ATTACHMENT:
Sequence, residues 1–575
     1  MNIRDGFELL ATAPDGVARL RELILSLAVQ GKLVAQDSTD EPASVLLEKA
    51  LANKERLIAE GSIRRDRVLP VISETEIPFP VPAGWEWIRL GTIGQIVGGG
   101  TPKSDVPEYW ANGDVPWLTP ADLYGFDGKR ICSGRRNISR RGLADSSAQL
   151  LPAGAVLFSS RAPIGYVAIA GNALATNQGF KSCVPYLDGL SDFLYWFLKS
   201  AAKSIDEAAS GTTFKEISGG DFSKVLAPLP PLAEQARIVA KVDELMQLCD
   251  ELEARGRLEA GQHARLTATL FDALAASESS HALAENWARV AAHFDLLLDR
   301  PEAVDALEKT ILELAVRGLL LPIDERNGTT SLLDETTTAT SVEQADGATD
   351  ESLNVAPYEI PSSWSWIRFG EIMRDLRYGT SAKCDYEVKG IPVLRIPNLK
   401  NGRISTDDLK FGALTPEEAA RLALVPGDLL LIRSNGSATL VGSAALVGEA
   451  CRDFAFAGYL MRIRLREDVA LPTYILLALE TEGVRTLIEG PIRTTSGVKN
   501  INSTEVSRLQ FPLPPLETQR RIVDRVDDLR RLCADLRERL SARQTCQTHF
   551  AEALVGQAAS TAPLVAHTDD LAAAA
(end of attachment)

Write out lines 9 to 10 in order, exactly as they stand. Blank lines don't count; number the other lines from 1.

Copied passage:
   351  ESLNVAPYEI PSSWSWIRFG EIMRDLRYGT SAKCDYEVKG IPVLRIPNLK
   401  NGRISTDDLK FGALTPEEAA RLALVPGDLL LIRSNGSATL VGSAALVGEA